The descriptions of the places and times of the events really bring the gospel narratives to life and give you a sense of what it may have been like, the day to day goings on of ordinary folk, the violence of the time, the brutality of the roman reign, the politics of the temple, and so on. And its delivered mostly in a way that accepts the detail of gospels as pointers to historical truth while reminding us the bible does not really seek to present "history" as we know it, but truth. Occasionally the author's opinions jar the senses, but hey, this is a great book for promoting discussion about the gospel, so what could be bad about that?
Anyway, extremely well written, worth a listen.
The title drew me. I'm always looking for information that helps make Christ more real to me....
Unfortunately what's starts out as a promise to help the listener understand the times and environment that Christ lived in, quickly degenerates into an attack on the person of Christ and His disciples. Motives are questioned, and fantastic suppositions made, characters are trashed (I'm being modest) and the New Testament is essentially left in the dog house. I really tried to stay the course with this book, but it became a bit unbearable around chapter 11-13.
If you want to arm yourself with unbelief and scorn in the deity of Christ and everything else that a Christian may hold dear, this is the book for you. The author does a thorough job of it. Bravo!
Aslan does a great job narrating ZEALOT. Now I want to get the printed version so I can examine the sources for this work. While the narrative of Jesus's life was what first attracted me to getting this book, the story behind the rivalry between the Church Leaders in Jerusalem and Paul was enlightening. I've read the New Testament a few times and the contradictory teachings always left me scratching my head. The explanation of the Messianic era and the Roman occupation of that part of the world was really concise.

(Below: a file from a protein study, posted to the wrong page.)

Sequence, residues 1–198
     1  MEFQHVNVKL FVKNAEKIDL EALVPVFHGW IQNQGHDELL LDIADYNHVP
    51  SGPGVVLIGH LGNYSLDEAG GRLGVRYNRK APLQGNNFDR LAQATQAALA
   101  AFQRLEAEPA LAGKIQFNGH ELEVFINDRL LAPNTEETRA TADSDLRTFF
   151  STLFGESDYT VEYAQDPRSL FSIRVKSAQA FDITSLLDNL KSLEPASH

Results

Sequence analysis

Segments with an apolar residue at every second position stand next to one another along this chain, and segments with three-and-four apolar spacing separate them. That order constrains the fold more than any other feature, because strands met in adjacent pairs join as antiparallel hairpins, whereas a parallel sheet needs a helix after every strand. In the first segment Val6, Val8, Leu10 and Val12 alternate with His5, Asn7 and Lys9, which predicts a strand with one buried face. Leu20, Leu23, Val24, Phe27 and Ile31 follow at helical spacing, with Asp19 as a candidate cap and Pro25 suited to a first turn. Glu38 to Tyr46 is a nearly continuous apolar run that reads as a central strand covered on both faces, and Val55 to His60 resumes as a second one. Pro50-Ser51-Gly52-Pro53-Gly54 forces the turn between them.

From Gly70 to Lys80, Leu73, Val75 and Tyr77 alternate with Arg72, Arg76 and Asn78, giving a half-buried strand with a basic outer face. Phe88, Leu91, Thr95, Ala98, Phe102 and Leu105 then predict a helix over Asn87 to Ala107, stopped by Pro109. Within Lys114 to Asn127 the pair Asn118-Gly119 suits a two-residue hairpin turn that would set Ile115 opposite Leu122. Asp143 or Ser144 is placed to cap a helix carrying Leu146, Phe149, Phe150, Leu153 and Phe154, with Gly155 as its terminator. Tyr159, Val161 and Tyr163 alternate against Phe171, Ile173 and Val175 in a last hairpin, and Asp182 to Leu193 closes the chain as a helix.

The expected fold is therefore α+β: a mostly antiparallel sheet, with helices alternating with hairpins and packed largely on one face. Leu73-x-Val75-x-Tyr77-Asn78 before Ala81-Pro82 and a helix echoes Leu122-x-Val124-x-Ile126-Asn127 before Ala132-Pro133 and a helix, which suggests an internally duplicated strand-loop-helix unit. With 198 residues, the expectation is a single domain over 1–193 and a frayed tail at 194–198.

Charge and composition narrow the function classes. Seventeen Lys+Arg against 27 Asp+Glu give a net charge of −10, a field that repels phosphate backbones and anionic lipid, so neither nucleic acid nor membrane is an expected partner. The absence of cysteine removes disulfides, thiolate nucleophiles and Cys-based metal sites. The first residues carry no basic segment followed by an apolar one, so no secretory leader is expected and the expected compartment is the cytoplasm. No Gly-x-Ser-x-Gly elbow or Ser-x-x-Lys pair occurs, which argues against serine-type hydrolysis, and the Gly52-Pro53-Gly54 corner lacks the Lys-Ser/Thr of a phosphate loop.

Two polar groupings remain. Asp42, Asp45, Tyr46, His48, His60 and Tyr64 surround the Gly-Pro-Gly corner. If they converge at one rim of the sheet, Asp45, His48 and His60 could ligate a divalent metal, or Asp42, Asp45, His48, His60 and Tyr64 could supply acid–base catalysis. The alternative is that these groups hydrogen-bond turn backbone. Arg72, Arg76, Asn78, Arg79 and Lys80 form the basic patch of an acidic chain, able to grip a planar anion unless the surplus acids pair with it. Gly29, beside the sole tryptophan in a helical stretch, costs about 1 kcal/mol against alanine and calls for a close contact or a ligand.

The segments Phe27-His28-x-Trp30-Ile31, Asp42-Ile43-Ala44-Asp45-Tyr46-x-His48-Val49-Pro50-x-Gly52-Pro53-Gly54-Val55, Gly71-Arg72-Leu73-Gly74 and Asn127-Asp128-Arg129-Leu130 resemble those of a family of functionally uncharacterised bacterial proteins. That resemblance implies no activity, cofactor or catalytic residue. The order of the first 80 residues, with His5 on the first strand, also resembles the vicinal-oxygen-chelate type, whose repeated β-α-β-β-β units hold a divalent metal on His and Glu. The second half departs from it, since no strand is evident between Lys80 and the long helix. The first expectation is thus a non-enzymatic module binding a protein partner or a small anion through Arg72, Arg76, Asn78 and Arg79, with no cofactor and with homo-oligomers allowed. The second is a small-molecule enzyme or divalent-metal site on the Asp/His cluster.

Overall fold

I really love the fact that the author is also the narrator. I could hear his enthusiasm and passion through the book, that really helped keep the book interesting even at the parts that were a bit dry. Overall really well done and definitely worth the read or listen!
I enjoyed this book but with a major caveat. Please understand that I only listened to the book, I didn't read it, but I relistened to the majority of it. But I came away with the sense that the author didn't acknowledge the true greatness that some individuals possess. I won't pretend expertise in ancient history or language as to argue with any specifics. But there have been modern day individuals who have defied expectations as to their understand and grace and have not adhered to what "historically" would have been expected from them. This book is a good history but history falls short in knowing an individual's true nature. Some individuals have insights and genius that most of us could never fathom. I suspect Jesus was one of those people. Inspired or of God? Let your own faith determine that.
I've finished this audio book twice now and it's easily one of my favorites. Reza Aslan, the author, reads from his own book and takes us on an in-depth walk through the colorful history of the Christian religion. Having grown up under the faith myself, there were many inconsistencies in The New Testament of The Holy Bible which made me uneasy about "belief" in Jesus Christ. This book cleared up everything I'd read in The New Testament that didn't shake out on its own and gave me a new perspective on Jesus's life and His affects on the world following His death. My ideas and knowledge about Jesus and His Jewish heritage were forever changed, stabilized, and strengthened after reading this explanation of history and I could not be more grateful. Everyone should know this book if they claim to know Jesus.